D’var for Behar-Bechukotai (May 15, 2020); Beth Israel Center, Madison, WI
This week’s double parsha is Behar-Bechukotai. Bechukotai is the parsha from my bar mitzvah parsha, from back in May 1989. Luckily for me, it was only a single parsha that year.
But even as a single parsha, Bechukotai is still a beast, because of its 36-verse third aliyah. It’s so long because it features (in excruciating detail) the tocheichah: the curses that would befall the house of Israel if it abandoned the Torah.
And according to the Talmud (specifically, Megillah 31b), the leyning of the curses can’t be interrupted, for two quite contrasting explanations.
One is that the reader might seem to be rejecting the legitimacy of divine punishment.
The other is that the person called to the Torah in the midst of the curses would be required to recite a separate set of brachot, which might seem approving of the curses’ contents.
Learning and leyning a 36-verse aliyah was a tall order for 13-year old me. But there’s more: a minhag to leyn the tocheichah rapidly and in a soft voice.
This minhag can’t be traced to the Talmud. It seems to be first described, explicitly, in 19th-century texts, with only vague hints before that.
But there are, again, two accepted explanations.
One is that the congregation might be disturbed by hearing the curses leyned as if they were business as usual.
The other is that the reader wishes to avert the curses by covering them quickly and quietly.
Both rationales strike me as particularly relevant to our present circumstances.
First, because they speak to a certain idea of how misfortune works: that speaking too loudly about unpleasant consequences invites those consequences. That it’s best to keep our heads down and not speak up about what’s wrong with our world.
Second, because they could convey COVID-19 as some sort of cosmic consequence: divine retribution, if we listen to some voices on the right; nature’s revenge, if we listen to some voices on the left. That we have been, in effect, asking for this pandemic, through our behaviors.
But I don’t agree, at all, with the idea that there is some sort of transcendent meaning to be found in the pandemic. To return to a line from my previous dvar, back in January, before the pandemic: “Deserve’s got nuthin’ to do with it.”
So is there still something to be said for the minhag of reciting the curses in one swift, susurrant recitation?
I think there is, and I would summarize it with a phrase found not in this week’s parsha, but in the first book of Kings, and also in the Unataneh Tokef, of the Yom Kippur liturgy.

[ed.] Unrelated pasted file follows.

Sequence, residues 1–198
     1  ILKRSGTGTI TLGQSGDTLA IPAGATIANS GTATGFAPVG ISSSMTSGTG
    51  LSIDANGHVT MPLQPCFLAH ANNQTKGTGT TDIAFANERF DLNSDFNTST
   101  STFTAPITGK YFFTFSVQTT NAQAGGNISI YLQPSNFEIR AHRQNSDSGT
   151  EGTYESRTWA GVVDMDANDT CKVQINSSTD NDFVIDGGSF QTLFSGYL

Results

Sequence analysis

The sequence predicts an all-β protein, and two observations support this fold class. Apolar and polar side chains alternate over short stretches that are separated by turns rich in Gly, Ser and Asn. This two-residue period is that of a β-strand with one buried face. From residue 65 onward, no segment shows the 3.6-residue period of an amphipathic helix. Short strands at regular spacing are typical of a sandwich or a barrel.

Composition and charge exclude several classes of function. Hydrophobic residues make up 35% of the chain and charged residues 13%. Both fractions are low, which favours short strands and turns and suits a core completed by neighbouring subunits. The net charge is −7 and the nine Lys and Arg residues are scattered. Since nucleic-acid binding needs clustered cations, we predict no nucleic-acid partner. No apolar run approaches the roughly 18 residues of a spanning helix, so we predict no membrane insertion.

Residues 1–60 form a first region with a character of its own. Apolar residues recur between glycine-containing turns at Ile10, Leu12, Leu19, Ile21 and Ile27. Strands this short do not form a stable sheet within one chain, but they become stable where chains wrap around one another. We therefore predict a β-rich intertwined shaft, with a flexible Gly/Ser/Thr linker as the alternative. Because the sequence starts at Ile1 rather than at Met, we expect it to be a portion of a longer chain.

קוֹל דְּמָמָה דַקָּה
“A still, small voice,” is one translation. More poetically, “a silent murmur,” a susurrus.
In the 19th chapter of the first book of Kings, the prophet Elijah, Eliyahu Hanavi, waits for God in a cave and on a mountain. As the divine presence passes, there is a gale, and an earthquake, and a conflagration. But, the text emphasizes, the divine presence is in none of them. What follows, though, is קוֹל דְּמָמָה דַקָּה
And in the Unataneh Tokef, קוֹל דְּמָמָה דַקָּה is what follows the sounding of the Great Shofar, as the angels themselves are seized with fear and trembling.
More than the howl of wind, or thunder of ground, or roar of fire, or blast of a shofar, then, the קוֹל דְּמָמָה דַקָּה demands attention from the listeners. Because, not in spite, of its small stillness, it requires great focus.
My argument, then, is that we understand the susurrus of the tocheichah not as a way to divert or distract from the terrible details of the curses — as a technique of avoidance, or a mystical ward against misfortune — but rather, the opposite: a way to direct attention, to call for concentration. And that if we focus, this is what we come to understand, through listening to the tocheichah:
That whatever is most just and most justified in this world, we find not in the disaster, but in its aftermath; not in the catastrophe, but in the mutual aid and comfort we provide one another in its wake.
And that the real curse would be our failure to provide such comfort.
We won’t actually hear the tocheichah leyned this week — and it seems sadly unlikely we’ll hear the version in parsha Ki Tavo come September. But I hope this gives us something positive to hold on to amidst those silences: that the very present absence of the קוֹל דְּמָמָה דַקָּה calls us to recognize how we can push onward.
Not with resignation. Not with fatalism. Not with magical thinking. But with clear, compassionate contemplation of how in the wake of losing so much, we find each other.
That there is no way out but through. Together.
Hazak, hazak, v’nithazek.
And shabbat shalom.